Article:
• Of course, HHS and the Exchanges said they’d do better in 2016. They didn’t. This year 16 of 16 made it through. This year GAO was able to befuddle Obamacare with expired IDs, partial documentation and fake people.
  

Friday, October 28, 2016

Friday Benefit Clips: New PPACA Enforcement; 25% Exchange Rate Increases; New FSA Limits and More

It was a particularly news-filled week in benefits, here are the highlights:  

Health Care Reform News
:

Average premiums for popular ACA plans rising 25 percent
October 24, 2016 – The Washington Post
Excerpt: “The 25 percent spike is the average increase, among 38 states that rely on the federal insurance exchange, for the health plans on which the tax credits are based — the policy in each part of the country that has the second-lowest rate among plans offering a “silver” tier of coverage…Among the states relying on HealthCare.gov, the typical number of plans available is declining by more than one-third, from 47 to 30. Competition is falling in all but four of those states, though the decrease varies significantly. In Florida, the average marketplace customer will actually have three more plan choices. In Arizona, however, the number of plans will plummet from 65 to four. And 21 percent of the customers shopping in the federal exchange will find only one insurance company, compared with just 2 percent for 2016.”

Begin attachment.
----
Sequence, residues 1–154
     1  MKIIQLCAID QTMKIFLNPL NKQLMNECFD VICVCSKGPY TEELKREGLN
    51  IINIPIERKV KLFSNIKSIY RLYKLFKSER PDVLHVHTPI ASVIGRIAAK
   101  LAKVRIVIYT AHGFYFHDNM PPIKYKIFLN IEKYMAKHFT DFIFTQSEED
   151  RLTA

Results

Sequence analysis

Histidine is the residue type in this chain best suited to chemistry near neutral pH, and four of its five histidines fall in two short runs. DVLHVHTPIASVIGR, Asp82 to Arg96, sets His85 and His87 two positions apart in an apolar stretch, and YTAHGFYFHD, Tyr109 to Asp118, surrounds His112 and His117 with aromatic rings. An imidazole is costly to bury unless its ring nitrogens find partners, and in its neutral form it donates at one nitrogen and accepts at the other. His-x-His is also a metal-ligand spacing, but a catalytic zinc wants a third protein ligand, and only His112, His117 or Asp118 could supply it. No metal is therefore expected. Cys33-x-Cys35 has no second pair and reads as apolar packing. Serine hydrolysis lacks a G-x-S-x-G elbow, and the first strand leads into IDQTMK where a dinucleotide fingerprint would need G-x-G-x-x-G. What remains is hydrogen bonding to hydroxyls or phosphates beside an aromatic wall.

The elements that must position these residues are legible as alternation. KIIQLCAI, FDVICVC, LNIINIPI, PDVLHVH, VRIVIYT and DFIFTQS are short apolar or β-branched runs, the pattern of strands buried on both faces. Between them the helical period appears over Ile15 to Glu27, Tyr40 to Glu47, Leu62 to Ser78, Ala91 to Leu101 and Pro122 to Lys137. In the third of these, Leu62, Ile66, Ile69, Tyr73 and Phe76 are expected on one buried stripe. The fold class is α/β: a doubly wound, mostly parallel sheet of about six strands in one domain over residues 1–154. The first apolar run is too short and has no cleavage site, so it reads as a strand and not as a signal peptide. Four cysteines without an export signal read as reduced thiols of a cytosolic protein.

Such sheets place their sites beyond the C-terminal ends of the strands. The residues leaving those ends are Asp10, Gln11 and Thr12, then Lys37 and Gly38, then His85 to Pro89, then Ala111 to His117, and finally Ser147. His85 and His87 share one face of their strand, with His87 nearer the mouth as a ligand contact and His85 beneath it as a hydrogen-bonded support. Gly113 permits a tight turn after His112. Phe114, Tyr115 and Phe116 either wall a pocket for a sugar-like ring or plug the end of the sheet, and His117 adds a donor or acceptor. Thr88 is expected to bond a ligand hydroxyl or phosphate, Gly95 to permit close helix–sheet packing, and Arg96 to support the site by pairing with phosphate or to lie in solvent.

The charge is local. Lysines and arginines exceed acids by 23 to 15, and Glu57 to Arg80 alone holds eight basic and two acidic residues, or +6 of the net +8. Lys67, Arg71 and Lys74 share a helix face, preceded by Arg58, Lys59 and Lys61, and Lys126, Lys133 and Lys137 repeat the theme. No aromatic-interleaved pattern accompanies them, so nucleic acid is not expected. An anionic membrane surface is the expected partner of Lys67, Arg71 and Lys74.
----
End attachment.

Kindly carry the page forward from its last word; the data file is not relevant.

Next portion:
Health Care Information Reporting: Seven Things Employers Can Think About Now
October 26, 2016 – The Internal Revenue Service